Children’s Book Reviews!

Learn about some of our new books from our Youth Services Librarian.

Keep checking back for NEW books!

Picture Books

Find archived picture book reviews here: *PIC Book Reviews*

After Squidnight
by Jonathan Fenske

When the clock strikes midnight, a squad of squids creeps out of the ocean–and over to your house! Their mission? To leave their inky mark by drawing on walls, the floor, and even your toys. This rhyming tale showcases a crew of creative creatures as they make art (or maybe just a mess) and leave you to deal with the consequences!

Verdict:  If your child has ever made up a crazy tale to try to get out of trouble, you’ll love this book!  What parent will believe that squids came in during the night to draw all over the house? Certainly not these ones!  Beware – your child may use, “The squids did it!” as an excuse for months to come!

Find it: NEW PIC FEN

The Polio Pioneer
By Linda Elovitz Marshall

Dr. Jonas Salk is one of the most celebrated doctors and medical researchers of the 20th century.  In 1952, Dr. Jonas Salk invented the polio vaccine, which nearly eliminated polio from this country. For the rest of his life, Dr. Salk continued to do groundbreaking medical research at the Salk Institute, leaving behind a legacy that continues to make the world a better place every day.

Verdict:  “Parents kept children away from movie theaters, sleepovers, and crowds.”  A very timely book discussing how a disease can change the way people live.  While polio and covid-19 are very different diseases, this picture book biography is great for bridging the gap and discussing the hope of things returning to ‘normal’ in the future.   Kids will naturally find the correlations between the feelings of then and now, develop questions, and hopefully find solace in knowing that the threat of polio was rather short-term, and, likewise, things won’t always be like this.

Find it: NEW J B SAL

Me & Mama
By Cozbi A. Cabrera

On a rainy day when the house smells like cinnamon and Papa and Luca are still asleep, when the clouds are wearing shadows and the wind paints the window with beads of water, I want to be everywhere Mama is.

Verdict:  A beautiful tribute to the special relationship between a mother and a daughter. From getting ready in the morning to laying down for bed, the text and images take you on a journey with this little girl and her Mama.  Young readers will likely find a lot of similarities to their own days with their Mama.

Find it: NEW PIC CAB

How to Read to a Grandma or Grandpa
by Jean Reagan

Now that you know how to babysit your grandma and grandpa, it’s time to teach them how to read with you!  These kids show their grandparents how to pick out the best books, find the perfect spot to read, and which read-aloud voices to use with which books.

Verdict: A very cute book that actually does give you some ideas on how to read a book together!  Reading is more fun when you use fun voices, try various voices, and turn the pages differently.  Everyone is sure to love learning How to Read to a Grandma or Grandpa (or mom, or dad, or sibling…!).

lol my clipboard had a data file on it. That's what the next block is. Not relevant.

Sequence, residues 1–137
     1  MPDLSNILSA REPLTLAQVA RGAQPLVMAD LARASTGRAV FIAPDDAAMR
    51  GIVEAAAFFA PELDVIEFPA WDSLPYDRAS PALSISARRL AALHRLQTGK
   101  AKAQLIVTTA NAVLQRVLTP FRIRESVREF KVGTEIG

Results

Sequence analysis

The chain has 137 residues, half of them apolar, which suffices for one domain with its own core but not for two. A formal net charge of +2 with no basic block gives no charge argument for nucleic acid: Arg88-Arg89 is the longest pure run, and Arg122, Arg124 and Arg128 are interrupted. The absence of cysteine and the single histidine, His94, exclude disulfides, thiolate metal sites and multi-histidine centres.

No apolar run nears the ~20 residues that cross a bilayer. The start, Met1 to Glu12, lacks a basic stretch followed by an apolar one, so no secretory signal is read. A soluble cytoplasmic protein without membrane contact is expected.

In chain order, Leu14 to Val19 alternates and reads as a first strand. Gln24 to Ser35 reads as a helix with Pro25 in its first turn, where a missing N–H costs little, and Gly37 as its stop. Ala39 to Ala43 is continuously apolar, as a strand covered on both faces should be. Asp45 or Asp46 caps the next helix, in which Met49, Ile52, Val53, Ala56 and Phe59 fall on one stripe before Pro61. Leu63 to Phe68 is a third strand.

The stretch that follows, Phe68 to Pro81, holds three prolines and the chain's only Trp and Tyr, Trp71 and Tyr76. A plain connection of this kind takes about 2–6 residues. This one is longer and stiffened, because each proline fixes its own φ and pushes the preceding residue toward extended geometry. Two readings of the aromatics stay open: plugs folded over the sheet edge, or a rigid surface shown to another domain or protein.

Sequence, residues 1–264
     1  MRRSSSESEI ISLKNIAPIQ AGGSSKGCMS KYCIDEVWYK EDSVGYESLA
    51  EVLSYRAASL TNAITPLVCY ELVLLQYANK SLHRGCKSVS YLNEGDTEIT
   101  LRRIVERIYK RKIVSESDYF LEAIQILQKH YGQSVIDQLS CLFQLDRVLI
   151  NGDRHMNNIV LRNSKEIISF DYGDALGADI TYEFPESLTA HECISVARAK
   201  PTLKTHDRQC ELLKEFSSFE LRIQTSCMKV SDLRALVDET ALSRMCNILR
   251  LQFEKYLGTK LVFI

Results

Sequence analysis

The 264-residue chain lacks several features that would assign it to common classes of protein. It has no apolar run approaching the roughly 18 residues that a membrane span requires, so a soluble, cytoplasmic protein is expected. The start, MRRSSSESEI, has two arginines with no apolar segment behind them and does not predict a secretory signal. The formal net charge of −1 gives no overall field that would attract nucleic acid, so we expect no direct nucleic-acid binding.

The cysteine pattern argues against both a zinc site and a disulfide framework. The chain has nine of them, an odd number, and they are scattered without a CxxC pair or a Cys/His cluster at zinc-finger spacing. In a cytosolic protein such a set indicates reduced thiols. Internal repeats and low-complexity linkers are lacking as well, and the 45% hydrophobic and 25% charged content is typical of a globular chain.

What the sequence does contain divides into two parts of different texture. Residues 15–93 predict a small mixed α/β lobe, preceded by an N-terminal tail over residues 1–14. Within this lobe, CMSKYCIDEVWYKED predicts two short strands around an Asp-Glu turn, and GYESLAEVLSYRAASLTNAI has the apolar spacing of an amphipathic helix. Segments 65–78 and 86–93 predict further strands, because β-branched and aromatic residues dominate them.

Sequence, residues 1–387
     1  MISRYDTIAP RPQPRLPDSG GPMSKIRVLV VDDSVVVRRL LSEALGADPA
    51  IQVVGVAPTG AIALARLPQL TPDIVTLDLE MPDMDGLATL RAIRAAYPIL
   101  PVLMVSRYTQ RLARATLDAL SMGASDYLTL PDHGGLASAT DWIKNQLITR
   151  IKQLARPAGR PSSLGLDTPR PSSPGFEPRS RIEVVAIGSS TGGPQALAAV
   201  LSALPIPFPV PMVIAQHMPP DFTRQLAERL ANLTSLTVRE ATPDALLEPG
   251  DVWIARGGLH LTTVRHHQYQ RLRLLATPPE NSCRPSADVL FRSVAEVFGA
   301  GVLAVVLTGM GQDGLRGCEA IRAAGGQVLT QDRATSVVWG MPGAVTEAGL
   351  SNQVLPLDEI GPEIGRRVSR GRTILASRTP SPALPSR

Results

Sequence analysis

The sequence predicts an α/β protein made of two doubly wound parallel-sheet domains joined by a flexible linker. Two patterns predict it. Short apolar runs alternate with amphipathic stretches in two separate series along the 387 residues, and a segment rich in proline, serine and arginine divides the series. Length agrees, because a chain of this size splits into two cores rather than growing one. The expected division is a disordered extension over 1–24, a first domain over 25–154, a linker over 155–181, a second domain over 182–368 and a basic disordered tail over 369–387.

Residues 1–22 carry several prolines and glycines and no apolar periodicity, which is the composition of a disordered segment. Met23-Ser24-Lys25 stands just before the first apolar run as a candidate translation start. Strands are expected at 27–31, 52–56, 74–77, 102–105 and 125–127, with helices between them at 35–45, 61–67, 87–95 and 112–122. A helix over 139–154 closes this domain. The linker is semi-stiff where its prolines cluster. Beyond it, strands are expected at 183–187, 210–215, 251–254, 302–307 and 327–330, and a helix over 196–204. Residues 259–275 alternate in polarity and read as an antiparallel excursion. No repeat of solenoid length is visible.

Find it: NEW PIC REA

Pearl Goes to Preschool
by Julie Fortenberry

Pearl loves attending dance classes at her mother’s ballet school. Even though Pearl is the youngest and smallest ballerina, she knows how to count her poses and follow along. When her mom suggests that Pearl try going to preschool, Pearl has a lot of questions: What will she learn? Will there be dancing?

Verdict: A sweet story about new experiences, perfect for children that might be starting preschool this year or beginning some other new experience.  Anyone who loves dance will also appreciate this story. Can you guess what Pearl’s favorite part of preschool is…?

Find it: NEW PIC FOR

Easy Readers

Find archived easy reader reviews here: *ER Book Reviews*

Shut the Door!
by Robert Lopshire

When a little bear forgets to close the door to his house, he encounters a series of unwelcome (and untidy) visitors–including a swarm of flies, an egg-loving skunk, and a moose in search of a bath! This rhymed easy-reader by Robert Lopshire–author of Put Me in the Zoo and I Want to Be Somebody New!–is perfect for beginning readers, and its surprise ending will leave kids giggling with glee while reinforcing the message that we ALL need to be responsible for our actions.

Verdict: At first I wasn’t sure about this book, but it turned out to be a fun read with a great twist at the end.  As a parent, we’ve probably all said, “Shut the door!” or “Turn off the lights!” or something similar, and this book is an exaggerated version of what can happen when we don’t!  The story is longer than some easy readers so beginning readers may need helping getting through it but it’s long enough to be interesting to those that are starting to transition to chapter books.  Check it out for yourself today!

Find it: NEW E LOP

The Evil Princess vs. the Brave Knight Take Turns
by Jennifer & Matthew Holm

The Evil Princess casts terrible spells, while the Brave Knight fights dragons. Could these siblings be any more different? Watch them try to learn to TAKE TURNS!

Verdict: For any parent that is tired of saying, “Can’t you two just get along?” – this book is for you! It doesn’t necessarily teach children how to take turns, but it does introduce the concept in a semi-humorous way.  Those children that like castles, princesses, knights, and cats will enjoy this book even more!

Find it: NEW E HOL

Bird Singing, Bird Winging
by Marilyn Singer

See birds of all different kinds in this easy non-fiction reader.  See them singing, winging, walking, talking, and so much more in this charming book that includes a special section at the back with facts on each type of bird.

Verdict: This book is a very, very elementary introduction to the life of birds.  Young readers will be introduced to new vocabulary terms, like preening and lapping. For those wanting more substance, the end of the book is filled with lots of fun facts about the birds pictured in the pages of the story.  Overall, a good starter book for learning about birds as children also learn to read.

Find it: NEW E 598 SIN

Shadow in the Woods
and Other Scary Stories
by Max Brallier